Greg Henry was born in Antigua, West Indies, and raised in East Elmhurst, Queens. A 1993 graduate from the Utica campus of Syracuse University, he has written for Gannett newspapers.
John R. Keene, Jr.
John R. Keene, Jr. is the author of the novel Annotations (1995). His poetry, essays, and short stories have appeared in numerous publications, including Callaloo and the Kenyon Review. A graduate of Harvard College, he is a member of the Dark Room Collective. From 1993 to 1995, he was managing editor of Callaloo. He is currently studying at New York University.
Severo Sarduy (1936-1993), a writer of Afro-Cuban and Chinese heritage, left his native Cuba for France in 1960, never to return. He is the author of six highly acclaimed novels, several volumes of poetry, essays, and plays. A painter and radio host, he was an editor of Editions du Seuil, where he introduced contemporary Latin American fiction to European readers.
Melvin Dixon who died of AIDS in 1993 at the age of forty-two, was a professor of English at Queens College in New York. He is the author of two novels, Trouble the Water (1989) and Vanishing Rooms (1990), the poetry collection Change of Territory (1983, and a book of literary criticism, Ride Out the Wilderness: Geography and Identity in African-American Literature (1987). He translated from the French The Collected Poems of Leopold Sedar Senghor (1991).
James Earl Hardy
James Earl Hardy is the author of B-Boy Blues (1994), the first Africentric gay hip-hop love story, which has become one of the best-selling titles ever published by a small press. He is also the author of a biography of filmmaker Spike Lee and of a portrait of the pop group Boyz II Men. An honors graduate of both St. John's University and Columbia University's Graduate School of Journalism, his byline has appeared in the Washington Post, Entertainment Weekly, Newsweek, Essence, and The Advocate. He was born and raised in Bedford-Stuyvesant, Brooklyn, and lives in New York City.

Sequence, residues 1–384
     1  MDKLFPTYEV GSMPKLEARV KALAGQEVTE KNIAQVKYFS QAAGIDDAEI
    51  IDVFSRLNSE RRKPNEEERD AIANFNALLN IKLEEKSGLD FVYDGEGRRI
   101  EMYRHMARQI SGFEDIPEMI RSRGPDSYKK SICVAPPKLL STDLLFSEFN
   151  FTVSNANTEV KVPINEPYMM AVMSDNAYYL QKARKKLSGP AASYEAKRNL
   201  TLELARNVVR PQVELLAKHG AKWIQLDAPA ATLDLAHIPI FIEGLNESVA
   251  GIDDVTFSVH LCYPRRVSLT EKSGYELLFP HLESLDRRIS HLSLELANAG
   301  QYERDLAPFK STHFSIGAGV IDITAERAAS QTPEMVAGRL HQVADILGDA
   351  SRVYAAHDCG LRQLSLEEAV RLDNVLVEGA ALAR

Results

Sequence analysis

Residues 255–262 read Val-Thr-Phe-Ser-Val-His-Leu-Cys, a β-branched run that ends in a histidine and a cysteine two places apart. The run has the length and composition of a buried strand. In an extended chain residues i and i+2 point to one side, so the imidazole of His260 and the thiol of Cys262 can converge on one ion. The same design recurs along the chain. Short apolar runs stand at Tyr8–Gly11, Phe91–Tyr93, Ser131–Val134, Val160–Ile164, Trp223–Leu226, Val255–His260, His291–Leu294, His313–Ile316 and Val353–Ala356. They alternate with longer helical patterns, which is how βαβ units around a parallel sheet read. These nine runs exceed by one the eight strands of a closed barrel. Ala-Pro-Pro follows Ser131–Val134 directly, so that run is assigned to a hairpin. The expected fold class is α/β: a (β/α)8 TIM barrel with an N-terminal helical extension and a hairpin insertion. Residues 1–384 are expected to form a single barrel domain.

Brian Keith Jackson
Brian Keith Jackson is a graduate of Northeast Louisiana University and has received fellowships from Art Matters, Inc., and the Jerome Foundation for his play After Thoughts, and was a finalist for the Frederick Douglass Fellowship for Young African-American Fiction Writers. His first novel, The View from Here, is forthcoming from Pocket Books in 1997. He lives in New York City.
Randall Kenan is the author of the novel Visitation of Spirits (1989) and the short story collection Let the Dead Bury the Dead (1992), which was nominated for the National Book Critics Circle Award and won the Lambda Award for best gay men's fiction. For his exceptional promise as a fiction writer, he received one of the 1994 Whiting Writer's Awards.
Bruce Morrow (see a photo of Bruce!)
Bruce Morrow is the recipient of the 1995 Frederick Douglass Fellowship for Young African-American Fiction Writers. His work has appeared in the New York Times, Callaloo, aRude, and the anthologies Speak My Name: Black Men on Masculinity and the American Dream and Ancestral House: Black Short Stories from the Americas and Europe. Morrow lives in New York City and can be reached via e-mail at email@example.com.
Charles Harvey has published stories in The Ontario Review and Story. His story "When Dogs Bark" is included in Dispatches from the Front, which will be published in 1996. He lives in Houston and is finishing a novel, The Road to Astroland.
Samuel R. Delany
Samuel R. Delany is the author of more than thirty fiction and nonfiction books, including The Mad Man, Atlantis: Three Tales, and Silent Interviews: On Languages, Sex, Science Fiction, & Some Comics, a collections of essays. A four-time winner of the Nebula Award from the Science Fiction Writers of America, he is a professor of Comparative Literature at the University of Massachusetts at Amherst.
Charles H. Rowell
Charles H. Rowell is a professor of English at the University of Virginia and the founder and editor of Callaloo. His poetry, prose, and interviews have appeared in a variety of periodicals and anthologies including The Southern Review, The Harlem Renaissance Reexamined and Conversations with Ernest Gaines. He lives in Charlottesville, Virginia.